It was my little brother's birthday recently and he came to have a socially distanced lunch with us to celebrate. He's ten years younger than me and not so little any more!
The forecast was for a nice warm, sunny day so we opted to have a barbecue. For dessert I made a raspberry trifle, a favourite of his and of Nick's. For a birthday cake a chocolate and ginger cake was requested. At the back of my mind I vaguely remembered a Mary Berry recipe for the very same thing and with a bit of googling found it in several places. One is on the Sainsbury's website here and the other is on the Happy Foodie website here.
I have given both links because links have a habit of disappearing after a while. I find it really annoying to find that a link for something I have got all excited about has disappeared altogether, but that's the nature of the internet I suppose. Hopefully with two links to go at one of them should still be there in a couple of years' time!
In any case, the recipe comes from a book entitled "Mary Berry cooks the perfect" and of course that's where I had originally seen it - although my copy is in France and we are not. Yet.
This particular book is a "how to do it" kind of book, not just a series of recipes. However, Mary in her wisdom omitted to remind the reader of one very important fact.
You should always lick the spoon, as soon as possible.
When I was a little girl I was always allowed to lick the spoon. As soon as the cake was in the oven I couldn't wait to do it and, with no little brother around for the first ten years of my life, I had it all to myself. It's a custom that I have continued to this very day and it has on several occasions saved the day. This day was one of them!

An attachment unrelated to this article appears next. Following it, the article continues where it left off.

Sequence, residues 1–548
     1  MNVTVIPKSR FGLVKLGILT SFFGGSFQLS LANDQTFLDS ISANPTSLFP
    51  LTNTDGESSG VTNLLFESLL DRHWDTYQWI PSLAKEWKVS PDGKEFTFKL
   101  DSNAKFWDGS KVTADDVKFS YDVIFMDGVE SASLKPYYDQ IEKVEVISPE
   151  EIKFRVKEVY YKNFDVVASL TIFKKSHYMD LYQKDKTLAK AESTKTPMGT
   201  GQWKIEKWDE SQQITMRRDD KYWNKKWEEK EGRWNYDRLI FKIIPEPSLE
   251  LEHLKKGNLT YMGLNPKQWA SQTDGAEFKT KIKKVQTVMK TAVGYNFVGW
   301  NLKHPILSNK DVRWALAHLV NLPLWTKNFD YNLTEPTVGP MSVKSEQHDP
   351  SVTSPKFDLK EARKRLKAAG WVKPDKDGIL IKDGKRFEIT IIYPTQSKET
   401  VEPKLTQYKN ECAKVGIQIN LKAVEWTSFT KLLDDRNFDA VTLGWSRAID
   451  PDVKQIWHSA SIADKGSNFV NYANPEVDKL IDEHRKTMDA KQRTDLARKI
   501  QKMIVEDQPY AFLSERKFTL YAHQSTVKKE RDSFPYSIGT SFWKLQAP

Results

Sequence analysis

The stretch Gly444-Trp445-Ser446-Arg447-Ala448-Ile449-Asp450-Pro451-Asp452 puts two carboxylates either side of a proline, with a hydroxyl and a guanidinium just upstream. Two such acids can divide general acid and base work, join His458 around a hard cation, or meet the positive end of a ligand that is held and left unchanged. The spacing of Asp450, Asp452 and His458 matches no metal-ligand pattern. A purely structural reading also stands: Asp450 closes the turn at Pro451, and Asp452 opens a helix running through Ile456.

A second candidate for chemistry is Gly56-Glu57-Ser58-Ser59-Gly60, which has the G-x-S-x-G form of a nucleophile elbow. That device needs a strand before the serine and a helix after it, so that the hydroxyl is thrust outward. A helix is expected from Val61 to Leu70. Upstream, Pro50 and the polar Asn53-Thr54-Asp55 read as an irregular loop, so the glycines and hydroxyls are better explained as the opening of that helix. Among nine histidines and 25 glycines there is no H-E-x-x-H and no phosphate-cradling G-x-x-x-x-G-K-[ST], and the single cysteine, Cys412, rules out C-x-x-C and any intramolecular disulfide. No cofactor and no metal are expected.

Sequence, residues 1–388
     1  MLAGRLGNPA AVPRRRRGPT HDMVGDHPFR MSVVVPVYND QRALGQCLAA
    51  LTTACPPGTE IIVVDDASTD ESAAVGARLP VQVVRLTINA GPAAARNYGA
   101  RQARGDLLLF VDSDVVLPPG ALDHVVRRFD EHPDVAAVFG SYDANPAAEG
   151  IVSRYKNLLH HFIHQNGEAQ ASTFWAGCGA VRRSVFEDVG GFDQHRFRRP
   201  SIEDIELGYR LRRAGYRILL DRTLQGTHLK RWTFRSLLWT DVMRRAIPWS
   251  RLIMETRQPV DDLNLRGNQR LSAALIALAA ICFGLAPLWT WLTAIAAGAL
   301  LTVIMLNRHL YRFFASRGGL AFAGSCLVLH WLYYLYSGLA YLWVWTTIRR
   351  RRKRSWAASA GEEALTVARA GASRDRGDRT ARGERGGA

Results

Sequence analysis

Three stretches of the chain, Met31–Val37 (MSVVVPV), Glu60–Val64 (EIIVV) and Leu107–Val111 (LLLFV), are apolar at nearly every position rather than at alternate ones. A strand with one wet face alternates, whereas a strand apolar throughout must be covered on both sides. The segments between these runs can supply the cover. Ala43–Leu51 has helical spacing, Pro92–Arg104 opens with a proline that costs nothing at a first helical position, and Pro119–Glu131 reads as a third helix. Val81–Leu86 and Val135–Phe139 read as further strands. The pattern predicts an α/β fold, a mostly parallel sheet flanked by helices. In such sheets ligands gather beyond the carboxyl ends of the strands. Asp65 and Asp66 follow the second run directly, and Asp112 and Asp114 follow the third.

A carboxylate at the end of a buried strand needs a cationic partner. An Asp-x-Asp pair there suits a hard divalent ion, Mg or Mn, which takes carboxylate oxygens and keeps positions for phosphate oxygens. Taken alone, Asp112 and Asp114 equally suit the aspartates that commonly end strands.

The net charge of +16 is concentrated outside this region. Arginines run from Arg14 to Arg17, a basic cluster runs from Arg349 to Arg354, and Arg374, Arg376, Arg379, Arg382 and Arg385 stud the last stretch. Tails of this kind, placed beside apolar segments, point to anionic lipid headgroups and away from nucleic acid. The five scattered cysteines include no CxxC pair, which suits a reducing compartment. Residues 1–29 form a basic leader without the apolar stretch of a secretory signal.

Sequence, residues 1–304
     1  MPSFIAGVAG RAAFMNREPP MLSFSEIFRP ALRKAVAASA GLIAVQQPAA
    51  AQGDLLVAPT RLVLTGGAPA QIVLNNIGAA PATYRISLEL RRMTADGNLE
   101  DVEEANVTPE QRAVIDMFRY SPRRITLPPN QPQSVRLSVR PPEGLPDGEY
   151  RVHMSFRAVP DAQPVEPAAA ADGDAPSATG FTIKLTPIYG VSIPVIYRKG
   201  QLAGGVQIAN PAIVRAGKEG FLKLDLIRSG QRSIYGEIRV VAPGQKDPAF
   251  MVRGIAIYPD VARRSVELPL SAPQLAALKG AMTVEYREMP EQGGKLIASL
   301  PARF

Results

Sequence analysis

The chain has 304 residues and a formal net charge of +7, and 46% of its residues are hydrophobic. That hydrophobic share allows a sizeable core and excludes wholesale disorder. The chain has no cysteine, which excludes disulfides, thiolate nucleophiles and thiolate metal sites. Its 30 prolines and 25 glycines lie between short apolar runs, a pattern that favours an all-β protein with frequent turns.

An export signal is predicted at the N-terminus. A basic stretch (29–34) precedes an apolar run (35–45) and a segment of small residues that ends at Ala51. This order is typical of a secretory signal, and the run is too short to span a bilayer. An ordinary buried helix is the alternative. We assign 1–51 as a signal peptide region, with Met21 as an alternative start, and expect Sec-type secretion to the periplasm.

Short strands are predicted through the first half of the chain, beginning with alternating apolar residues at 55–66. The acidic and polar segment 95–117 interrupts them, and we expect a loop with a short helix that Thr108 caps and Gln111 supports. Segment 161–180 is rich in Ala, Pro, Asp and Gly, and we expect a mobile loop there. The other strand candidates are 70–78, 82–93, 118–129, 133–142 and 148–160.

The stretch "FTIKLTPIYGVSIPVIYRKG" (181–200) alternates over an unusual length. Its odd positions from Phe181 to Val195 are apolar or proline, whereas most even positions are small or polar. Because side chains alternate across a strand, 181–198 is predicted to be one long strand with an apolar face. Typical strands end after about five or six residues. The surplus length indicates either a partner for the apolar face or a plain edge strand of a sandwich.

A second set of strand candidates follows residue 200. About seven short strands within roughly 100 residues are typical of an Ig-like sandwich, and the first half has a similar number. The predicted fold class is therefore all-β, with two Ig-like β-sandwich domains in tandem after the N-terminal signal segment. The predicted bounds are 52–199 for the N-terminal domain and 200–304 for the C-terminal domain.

On licking the spoon I thought "it doesn't taste sweet enough". Within nanoseconds I had realised why. The carefully weighed out sugar was still in a little pot on the worktop and not in the cake!
The cake had only been in the oven for about three or four minutes at the most (I'm that eager to get to the spoon licking part) and it was still liquid. I whisked it out of the oven at the speed of lightening. Getting the mixture out of the tins and back into a bowl was a messy job and the tins had to be washed, greased and relined. Luckily it's an "all in one" kind of cake recipe (my favourite kind) so all I did was beat the missing sugar into the mixture as evenly as I could and get it back in the oven pronto.
The cake was delicious and a great success. You would never have known how close it was to being a complete disaster- although you might have if I hadn't licked the spoon so promptly.
It had a lovely texture, a good chocolatey flavour with a hint of ginger and the frosting looked pale and inviting against the darkness of the cake. The only thing I did differently to the recipe was to decorate with sprinkles rather than shavings of preserved ginger.
It was a hit with the birthday boy and everyone else and I shall definitely be adding it to my list of favourite cakes. But I'll try to remember to put all the ingredients in next time.
Cuts into 10-12 slices.